ID  TOTAL ORA_ROWSCN
---

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April 1st, 2007 by mathias

It's time to start a blog and write down some ideas, findings, and general commentary about development with the Oracle database. This blog will be a place where I write about things related to Oracle development and performance that interests me.

I have been a DBA for longer than I really want to admit as that leads to the conclusion that I'm a middle aged man today. When I started in this industry, I used to feel that the middle aged men didn't know or understand anything that had been introduced in the last ten years. I'm sure it is the case with me in some areas, but I hope my interest for databases will make the content here usable for current versions of Oracle.

My interest and passion is using Oracle database technologies to build database driven applications that perform well. That is, I'm not interested in Oracle to build applications for the database, but rather to use the database to make better and faster applications.

Initially much of what you find here will be based on Tom Kyte's last book Expert Oracle Database Architecture. If you want to read about Oracle, then this is a great book. One of the most well written books I've come across and Tom makes even really complex material relatively easy to understand without reducing the complexity for the areas you need to fully understand to build better applications with Oracle. I'm not planning to just take Tom's ideas and turn his book into my blog, instead I will write about things I've thought of as a result of reading his book.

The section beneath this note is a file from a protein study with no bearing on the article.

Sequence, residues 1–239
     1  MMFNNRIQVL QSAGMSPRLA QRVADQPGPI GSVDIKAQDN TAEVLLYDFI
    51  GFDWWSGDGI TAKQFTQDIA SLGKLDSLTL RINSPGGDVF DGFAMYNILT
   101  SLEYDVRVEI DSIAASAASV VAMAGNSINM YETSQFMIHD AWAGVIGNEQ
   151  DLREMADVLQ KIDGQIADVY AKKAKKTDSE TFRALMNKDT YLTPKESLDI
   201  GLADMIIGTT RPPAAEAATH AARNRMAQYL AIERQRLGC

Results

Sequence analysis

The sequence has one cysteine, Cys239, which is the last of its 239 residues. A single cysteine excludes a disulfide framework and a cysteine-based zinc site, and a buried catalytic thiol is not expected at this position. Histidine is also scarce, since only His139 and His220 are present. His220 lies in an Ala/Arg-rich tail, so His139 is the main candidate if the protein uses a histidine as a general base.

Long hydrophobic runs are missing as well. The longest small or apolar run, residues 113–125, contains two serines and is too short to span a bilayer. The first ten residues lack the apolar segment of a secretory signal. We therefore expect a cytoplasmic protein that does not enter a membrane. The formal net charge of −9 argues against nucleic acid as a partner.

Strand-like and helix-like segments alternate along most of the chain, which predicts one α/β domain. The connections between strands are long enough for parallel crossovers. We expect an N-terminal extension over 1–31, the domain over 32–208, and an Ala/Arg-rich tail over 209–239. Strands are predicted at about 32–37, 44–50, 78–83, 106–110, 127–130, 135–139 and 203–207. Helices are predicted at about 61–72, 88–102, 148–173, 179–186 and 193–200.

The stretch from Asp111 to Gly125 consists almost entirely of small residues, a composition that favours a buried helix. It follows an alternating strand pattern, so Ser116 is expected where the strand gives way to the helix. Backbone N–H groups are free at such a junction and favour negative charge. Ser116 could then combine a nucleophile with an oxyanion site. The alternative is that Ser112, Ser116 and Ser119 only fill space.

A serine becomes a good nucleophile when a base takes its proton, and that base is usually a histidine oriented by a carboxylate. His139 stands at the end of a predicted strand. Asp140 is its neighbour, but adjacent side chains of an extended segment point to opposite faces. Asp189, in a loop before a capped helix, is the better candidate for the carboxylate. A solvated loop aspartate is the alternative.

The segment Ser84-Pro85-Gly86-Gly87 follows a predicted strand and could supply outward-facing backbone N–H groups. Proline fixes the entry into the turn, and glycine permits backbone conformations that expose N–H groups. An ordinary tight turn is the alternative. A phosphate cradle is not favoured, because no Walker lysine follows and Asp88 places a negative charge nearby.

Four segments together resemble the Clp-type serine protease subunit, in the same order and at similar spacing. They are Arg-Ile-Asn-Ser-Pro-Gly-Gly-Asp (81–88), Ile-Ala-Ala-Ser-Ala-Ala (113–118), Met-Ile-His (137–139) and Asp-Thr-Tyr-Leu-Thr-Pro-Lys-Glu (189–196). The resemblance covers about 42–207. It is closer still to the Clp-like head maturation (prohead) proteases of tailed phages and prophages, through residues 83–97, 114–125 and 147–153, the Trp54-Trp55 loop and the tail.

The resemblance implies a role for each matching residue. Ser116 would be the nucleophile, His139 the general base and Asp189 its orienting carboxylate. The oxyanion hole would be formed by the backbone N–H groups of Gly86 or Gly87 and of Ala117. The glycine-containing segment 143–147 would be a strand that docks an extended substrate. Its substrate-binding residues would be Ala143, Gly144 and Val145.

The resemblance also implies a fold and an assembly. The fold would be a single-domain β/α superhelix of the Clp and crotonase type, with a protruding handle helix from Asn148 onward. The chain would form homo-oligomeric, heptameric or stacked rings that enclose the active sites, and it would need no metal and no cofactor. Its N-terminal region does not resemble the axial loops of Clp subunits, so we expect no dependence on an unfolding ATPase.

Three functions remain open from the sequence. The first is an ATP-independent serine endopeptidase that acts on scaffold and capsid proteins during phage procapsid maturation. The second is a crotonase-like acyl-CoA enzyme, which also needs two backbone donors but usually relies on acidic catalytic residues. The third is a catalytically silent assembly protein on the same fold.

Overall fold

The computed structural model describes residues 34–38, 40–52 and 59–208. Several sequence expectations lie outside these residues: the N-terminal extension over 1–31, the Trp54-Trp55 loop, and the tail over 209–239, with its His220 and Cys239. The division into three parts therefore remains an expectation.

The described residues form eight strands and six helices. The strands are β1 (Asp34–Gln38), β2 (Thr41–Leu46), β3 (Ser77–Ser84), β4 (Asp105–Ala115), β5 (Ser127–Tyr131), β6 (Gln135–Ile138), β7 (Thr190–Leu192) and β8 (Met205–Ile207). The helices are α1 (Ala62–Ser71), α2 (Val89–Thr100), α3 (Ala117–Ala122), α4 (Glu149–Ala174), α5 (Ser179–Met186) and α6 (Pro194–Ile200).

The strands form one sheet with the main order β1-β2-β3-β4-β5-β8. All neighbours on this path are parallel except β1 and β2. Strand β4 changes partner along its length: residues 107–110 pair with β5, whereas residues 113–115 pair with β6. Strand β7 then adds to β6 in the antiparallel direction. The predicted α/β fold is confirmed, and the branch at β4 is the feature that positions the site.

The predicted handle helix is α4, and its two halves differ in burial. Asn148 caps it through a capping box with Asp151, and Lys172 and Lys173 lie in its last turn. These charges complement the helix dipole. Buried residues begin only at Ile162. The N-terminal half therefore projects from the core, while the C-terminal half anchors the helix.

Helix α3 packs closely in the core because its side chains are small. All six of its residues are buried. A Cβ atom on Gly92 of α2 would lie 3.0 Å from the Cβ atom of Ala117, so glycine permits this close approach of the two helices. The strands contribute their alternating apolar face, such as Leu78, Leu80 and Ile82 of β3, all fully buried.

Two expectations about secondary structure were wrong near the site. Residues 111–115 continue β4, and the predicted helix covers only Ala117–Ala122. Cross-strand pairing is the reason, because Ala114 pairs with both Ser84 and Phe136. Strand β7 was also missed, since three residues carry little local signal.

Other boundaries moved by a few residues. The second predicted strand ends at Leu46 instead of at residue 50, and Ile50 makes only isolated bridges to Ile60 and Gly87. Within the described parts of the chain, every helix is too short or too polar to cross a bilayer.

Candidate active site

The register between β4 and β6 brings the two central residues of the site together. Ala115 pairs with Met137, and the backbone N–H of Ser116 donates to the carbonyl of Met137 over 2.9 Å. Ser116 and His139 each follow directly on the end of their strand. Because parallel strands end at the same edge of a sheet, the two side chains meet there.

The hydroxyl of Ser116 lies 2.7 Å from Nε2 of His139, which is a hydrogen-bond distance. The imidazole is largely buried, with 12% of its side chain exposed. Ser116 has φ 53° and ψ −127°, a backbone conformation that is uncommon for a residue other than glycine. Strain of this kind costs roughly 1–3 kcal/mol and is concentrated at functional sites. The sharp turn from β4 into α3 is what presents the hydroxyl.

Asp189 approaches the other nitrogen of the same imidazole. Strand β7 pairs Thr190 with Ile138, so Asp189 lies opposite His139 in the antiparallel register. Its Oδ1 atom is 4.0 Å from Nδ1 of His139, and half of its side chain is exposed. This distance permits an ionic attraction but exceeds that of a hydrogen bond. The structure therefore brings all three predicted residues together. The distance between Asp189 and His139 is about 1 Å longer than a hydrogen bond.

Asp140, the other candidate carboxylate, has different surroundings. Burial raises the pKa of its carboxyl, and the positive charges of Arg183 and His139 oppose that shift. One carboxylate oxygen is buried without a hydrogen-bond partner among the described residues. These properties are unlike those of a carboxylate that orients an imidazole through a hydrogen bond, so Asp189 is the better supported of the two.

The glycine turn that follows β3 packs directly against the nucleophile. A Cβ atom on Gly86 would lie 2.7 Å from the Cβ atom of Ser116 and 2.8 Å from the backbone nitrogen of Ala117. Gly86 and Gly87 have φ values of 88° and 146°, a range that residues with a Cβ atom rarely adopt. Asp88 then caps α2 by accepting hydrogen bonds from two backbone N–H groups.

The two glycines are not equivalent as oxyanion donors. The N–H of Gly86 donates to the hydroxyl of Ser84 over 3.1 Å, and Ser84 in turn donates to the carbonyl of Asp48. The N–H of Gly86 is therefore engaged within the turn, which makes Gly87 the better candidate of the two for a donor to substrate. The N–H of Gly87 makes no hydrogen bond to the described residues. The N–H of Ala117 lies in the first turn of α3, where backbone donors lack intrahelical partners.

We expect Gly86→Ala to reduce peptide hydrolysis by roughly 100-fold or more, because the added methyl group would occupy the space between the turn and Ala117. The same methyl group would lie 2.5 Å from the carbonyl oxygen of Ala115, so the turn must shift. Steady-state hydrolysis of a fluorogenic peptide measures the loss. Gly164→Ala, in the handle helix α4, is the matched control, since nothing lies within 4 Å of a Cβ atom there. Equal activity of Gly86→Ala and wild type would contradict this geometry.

Writing about interesting side effects or proving just why some concepts are really important is what I want to do on this blog. Just rewriting the concepts guide or the performance manual serves little purpose unless one is interested in writing a book. Sure, Oracle's documentation is often in need of a guide to explain why it is important or how a technique should be used. To me, that is still not a blog I'd read. For that I buy a book or search for a site that just expands a little on the text in Oracle's official documentation.